Creed bullish about opportunities for Irish beef industry in US

Newly-reappointed Minister for Agriculture leads trade visit to US and Mexico


As the temperatures soared in Washington DC this week, a delegation of Irish exporters, officials and representatives of the Department of Agriculture and Bord Bia arrived in the US capital for the start of a week-long trade visit to the US and Mexico.

Chief among them was Michael Creed, the Minister for Agriculture. Just days previously Taoiseach Leo Varadkar had reappointed the Cork Fine Gael TD to the agriculture brief. Was he happy to get the call?

“Was I what?” he beams, as we sit down for an interview in the Dupont Circle Hotel in Washington. “If I was to walk into the Taoiseach’s office and he said to me, ‘Take your pick of portfolios’ – which he didn’t, I hasten to add – this is the one I would want. It’s a tremendous industry.”

Creed faces a busy agenda as he begins his next stint at the helm of a department that is facing its fair share of challenges, not least Brexit. Britain’s imminent departure from the European Union could strike a massive blow to Ireland’s agrifood industry.

Some 40 per cent of Ireland’s total food and drink exports go to Britain. For beef, that percentage rises to 53 per cent.

Worst-case scenario

Creed doesn’t pull any punches as he assesses the scale of the challenge. In a worst-case scenario – that Britain exits the single market without a deal and reverts to World Trade Organisation (WTO) rules – Irish beef exports could face a 60 per cent tariff and dairy a 50 per cent levy.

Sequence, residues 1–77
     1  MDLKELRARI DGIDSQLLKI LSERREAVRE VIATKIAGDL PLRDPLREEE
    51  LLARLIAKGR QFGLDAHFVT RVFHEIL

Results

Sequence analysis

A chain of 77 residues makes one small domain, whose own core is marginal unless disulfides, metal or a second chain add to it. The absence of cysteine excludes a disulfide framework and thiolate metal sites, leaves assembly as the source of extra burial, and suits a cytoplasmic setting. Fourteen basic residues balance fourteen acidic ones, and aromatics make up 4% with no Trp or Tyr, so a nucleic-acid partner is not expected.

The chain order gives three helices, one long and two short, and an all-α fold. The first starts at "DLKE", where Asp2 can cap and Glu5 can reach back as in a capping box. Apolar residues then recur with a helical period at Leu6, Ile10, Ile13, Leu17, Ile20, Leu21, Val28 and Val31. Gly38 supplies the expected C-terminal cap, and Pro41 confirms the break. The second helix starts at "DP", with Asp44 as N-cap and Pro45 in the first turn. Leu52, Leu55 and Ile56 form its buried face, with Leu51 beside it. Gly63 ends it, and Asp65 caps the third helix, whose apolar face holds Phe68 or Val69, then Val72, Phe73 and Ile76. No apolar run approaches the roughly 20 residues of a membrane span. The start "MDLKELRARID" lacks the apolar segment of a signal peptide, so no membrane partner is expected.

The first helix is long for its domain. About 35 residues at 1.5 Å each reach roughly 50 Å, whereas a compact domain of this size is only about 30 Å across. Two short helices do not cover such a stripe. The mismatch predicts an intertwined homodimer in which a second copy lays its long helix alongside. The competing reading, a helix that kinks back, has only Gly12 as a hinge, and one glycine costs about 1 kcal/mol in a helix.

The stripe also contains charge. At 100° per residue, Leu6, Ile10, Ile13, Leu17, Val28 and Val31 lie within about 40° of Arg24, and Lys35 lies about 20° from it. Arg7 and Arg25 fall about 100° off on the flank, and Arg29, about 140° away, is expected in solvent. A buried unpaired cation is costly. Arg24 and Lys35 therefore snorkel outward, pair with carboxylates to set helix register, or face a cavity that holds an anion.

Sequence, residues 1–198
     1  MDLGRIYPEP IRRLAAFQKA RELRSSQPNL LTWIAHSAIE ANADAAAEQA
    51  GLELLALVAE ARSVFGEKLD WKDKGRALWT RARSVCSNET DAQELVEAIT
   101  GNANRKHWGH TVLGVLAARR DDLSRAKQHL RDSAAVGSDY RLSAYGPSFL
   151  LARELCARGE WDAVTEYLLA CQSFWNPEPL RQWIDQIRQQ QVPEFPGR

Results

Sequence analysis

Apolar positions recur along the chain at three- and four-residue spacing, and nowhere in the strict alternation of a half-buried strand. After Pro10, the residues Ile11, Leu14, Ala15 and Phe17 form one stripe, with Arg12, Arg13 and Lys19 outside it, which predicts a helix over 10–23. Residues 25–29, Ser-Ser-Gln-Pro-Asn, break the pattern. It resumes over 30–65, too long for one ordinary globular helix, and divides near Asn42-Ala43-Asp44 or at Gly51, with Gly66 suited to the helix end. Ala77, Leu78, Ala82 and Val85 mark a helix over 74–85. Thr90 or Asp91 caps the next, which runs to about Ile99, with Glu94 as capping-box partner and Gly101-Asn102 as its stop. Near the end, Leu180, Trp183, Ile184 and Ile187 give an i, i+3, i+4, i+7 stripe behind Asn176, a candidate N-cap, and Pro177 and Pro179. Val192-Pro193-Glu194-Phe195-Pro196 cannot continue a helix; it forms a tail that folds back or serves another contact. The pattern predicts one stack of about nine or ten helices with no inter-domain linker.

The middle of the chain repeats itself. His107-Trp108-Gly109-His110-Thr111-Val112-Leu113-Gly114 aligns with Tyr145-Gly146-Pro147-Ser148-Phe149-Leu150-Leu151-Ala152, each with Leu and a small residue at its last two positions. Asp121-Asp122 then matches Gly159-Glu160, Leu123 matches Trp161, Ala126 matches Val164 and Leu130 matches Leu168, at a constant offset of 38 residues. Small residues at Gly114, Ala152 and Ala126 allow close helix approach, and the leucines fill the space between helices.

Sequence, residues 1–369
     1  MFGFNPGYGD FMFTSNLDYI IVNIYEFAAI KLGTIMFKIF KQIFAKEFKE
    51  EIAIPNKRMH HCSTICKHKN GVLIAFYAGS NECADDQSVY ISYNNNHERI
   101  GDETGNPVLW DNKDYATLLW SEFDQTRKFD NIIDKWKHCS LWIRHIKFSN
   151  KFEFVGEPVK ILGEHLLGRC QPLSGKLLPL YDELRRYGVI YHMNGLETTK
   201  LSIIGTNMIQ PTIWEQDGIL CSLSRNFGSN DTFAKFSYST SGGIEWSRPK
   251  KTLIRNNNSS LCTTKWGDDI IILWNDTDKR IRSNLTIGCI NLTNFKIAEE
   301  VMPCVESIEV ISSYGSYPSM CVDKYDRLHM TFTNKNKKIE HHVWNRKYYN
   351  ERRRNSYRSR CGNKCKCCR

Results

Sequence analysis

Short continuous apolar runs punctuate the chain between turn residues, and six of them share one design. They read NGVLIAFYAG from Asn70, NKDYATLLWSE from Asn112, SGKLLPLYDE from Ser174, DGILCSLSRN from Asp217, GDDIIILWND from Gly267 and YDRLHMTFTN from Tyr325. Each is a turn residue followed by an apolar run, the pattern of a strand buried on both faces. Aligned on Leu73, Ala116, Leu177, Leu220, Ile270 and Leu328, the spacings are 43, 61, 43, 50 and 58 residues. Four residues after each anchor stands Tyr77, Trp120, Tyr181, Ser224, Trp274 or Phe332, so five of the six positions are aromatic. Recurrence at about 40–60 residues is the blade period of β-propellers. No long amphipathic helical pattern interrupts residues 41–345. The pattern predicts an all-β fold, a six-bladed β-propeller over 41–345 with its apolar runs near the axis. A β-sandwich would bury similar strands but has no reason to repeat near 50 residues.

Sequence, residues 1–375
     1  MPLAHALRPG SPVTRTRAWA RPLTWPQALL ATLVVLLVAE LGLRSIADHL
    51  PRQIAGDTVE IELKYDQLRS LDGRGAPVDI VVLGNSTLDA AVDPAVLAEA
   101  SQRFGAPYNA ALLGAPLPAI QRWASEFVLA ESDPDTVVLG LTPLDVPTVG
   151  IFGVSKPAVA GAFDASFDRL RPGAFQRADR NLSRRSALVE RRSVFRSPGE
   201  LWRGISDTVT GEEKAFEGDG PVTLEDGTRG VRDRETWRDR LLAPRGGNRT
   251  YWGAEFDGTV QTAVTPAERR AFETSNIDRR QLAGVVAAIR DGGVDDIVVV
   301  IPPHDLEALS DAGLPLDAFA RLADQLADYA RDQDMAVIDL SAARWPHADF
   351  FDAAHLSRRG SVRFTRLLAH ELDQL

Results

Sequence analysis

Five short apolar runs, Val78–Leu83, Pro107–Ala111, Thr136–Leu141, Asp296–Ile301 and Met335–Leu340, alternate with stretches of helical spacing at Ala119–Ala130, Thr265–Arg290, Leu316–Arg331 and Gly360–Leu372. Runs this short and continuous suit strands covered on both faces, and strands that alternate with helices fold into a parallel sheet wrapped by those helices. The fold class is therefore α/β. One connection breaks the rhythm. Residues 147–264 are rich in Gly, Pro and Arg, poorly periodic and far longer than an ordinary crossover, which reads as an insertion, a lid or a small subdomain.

It would be unsustainable, he admits. “Look, we’re not turning our backs on the UK market. That supermarket space was hard won, and we’re not walking away from it, but equally we have to plan for the worst-case scenario of beef tariffs of 60 per cent and dairy tariffs of 50 per cent. We couldn’t put product into the UK on that basis.”

As a result his department is looking to help producers diversify into new markets, hence this week’s trade visit.

On Monday, the US department of agriculture granted our producers the right to carry a USDA-approved brand marketing Irish beef. That was accompanied by the news that Wexford-based Slaney Foods will supply beef to Lidl, as the low-cost supermarket chain embarks on its US expansion.

However, in reality the story of Irish beef in America has been disappointing. In 2015, Ireland became the first European country to gain access to the US market after the BSE crisis, winning permission to sell primal cuts.

In July last year, it was given the green light to sell minced beef, known in the trade as manufactured beef.